How to separate iPhone pictures in Photos for OS X

A reader wants to be able to keep lower-resolution iPhone images separate from her other photos.

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Jenni Kapanen asks:

Can I search for photos taken with iPhone in my Photos library? I’ve got over 13,000 photos that I’ve tried to keep organized and export them to an external drive so that I can vacate space on my hard drive, but want to keep the low-quality iPhone photos separate.

Yes, you’re in luck! I feel like the Smart Album feature in Photos (as in iPhoto) has a lot of overlooked power. Here’s a great case.

Start by choosing File > New Smart Album. Now you can select criteria. While there are some elements missing from iPhoto in Photos for OS X (notably related to whether any face has been set in a picture), you can still create complicated chained or independent queries.

mac911 smart folder iphone options

The Camera Model criterion lets you select among camera and smartphones or make broader matches.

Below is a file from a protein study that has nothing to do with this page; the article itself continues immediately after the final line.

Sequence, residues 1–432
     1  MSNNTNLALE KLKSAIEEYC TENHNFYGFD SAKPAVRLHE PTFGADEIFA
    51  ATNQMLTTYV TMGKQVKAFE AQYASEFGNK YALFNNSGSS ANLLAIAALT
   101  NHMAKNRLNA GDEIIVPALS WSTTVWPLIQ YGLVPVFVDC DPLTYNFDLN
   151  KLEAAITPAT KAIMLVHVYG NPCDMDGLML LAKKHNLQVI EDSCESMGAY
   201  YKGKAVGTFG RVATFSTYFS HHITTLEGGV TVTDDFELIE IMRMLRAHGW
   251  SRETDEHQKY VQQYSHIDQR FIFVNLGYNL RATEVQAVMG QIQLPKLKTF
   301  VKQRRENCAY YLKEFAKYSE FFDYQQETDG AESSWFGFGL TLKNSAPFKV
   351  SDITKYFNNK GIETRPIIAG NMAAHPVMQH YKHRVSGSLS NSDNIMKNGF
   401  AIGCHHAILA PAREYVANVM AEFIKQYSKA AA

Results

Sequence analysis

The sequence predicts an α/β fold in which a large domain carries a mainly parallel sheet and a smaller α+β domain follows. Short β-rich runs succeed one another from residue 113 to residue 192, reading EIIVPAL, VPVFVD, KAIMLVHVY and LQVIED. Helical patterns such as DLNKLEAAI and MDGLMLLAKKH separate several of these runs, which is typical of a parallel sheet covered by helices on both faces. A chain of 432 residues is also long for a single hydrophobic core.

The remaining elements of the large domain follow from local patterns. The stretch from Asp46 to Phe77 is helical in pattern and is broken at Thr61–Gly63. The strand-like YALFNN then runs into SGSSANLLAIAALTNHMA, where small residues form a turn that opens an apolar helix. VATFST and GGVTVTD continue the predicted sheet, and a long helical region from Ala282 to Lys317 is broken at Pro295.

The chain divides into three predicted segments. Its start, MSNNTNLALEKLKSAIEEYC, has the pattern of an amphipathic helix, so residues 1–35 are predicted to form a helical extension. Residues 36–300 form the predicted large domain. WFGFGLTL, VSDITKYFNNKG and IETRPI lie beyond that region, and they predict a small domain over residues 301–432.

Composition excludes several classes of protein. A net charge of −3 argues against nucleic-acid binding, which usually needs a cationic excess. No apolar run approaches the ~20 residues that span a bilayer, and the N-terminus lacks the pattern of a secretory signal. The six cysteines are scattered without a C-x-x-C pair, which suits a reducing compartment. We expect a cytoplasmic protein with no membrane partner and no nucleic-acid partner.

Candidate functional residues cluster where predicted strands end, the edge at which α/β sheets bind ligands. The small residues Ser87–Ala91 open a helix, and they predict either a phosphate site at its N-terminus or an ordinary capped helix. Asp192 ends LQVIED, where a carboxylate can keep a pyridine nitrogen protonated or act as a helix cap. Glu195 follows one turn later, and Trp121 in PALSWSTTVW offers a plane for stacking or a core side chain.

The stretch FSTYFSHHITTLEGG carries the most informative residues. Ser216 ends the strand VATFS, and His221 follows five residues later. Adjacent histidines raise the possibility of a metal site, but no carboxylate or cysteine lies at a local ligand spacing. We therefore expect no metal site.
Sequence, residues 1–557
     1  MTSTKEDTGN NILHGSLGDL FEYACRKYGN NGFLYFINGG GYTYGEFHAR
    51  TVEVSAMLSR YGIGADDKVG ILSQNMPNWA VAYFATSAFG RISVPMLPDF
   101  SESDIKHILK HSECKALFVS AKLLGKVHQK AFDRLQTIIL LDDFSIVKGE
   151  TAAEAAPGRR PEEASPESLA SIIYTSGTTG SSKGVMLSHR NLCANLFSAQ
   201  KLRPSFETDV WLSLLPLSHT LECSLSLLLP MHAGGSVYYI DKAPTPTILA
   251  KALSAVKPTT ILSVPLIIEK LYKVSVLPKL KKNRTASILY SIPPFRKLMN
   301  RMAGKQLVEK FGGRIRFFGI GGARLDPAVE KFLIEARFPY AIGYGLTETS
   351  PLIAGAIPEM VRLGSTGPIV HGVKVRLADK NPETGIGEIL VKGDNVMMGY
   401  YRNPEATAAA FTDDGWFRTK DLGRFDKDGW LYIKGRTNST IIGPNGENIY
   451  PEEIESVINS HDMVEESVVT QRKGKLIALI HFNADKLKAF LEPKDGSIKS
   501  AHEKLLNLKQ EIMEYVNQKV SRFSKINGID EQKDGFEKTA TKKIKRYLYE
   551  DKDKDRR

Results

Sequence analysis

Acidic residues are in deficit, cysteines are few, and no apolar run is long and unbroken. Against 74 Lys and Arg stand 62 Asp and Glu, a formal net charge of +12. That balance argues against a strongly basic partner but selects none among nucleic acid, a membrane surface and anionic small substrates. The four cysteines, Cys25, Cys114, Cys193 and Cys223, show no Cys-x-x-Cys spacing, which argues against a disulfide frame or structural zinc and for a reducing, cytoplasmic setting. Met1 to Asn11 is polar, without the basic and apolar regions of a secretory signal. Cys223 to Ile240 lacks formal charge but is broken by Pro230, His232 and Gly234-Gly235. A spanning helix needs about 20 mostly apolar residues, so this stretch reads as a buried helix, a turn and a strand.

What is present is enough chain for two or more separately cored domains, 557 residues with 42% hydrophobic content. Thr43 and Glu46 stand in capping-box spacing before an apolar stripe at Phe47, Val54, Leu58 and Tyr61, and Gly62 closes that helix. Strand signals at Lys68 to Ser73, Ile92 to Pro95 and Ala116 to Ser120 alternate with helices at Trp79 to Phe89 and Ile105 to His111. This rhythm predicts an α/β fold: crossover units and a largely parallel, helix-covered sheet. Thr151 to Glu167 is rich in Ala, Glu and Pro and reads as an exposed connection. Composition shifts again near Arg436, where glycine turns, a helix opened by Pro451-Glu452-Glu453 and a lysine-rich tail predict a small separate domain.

For instance, for your purposes, you could create two smart albums: One would look for all photos taken by cameras that aren’t iPhones; the other could be only pictures taken by iPhones. This would let you separately browse through both categories. (Unfortunately, you can’t create a smart album and then create a separate one that’s its inverse selection.)

Let’s say I want an album that only contains photos (not videos) taken by any iPhone model. In the New Smart Album dialog, I’d choose All from the Match menu as I have two criteria. My first is Camera Model set to Starts With and then iPhone. (I could also select “is” and pick specific iPhone models in the list.)

Then I’d click the + to add another criterion, and choose Photo, set matching to Is Not, and choose Movie from the category pop-up menu. Click OK, and now I can see only images taken by any iPhone I’ve ever owned.

mac911 smart folder only iphone

Create a smart album that only includes iPhone images.

These criteria can be useful, too, if you’re trying to sort or find images taken with more particular photographic parameters. Like, you want only shots at ISO 100 taken at f/2.2, you can do that, too. Or, only pictures in a certain date range that were taken without a flash.

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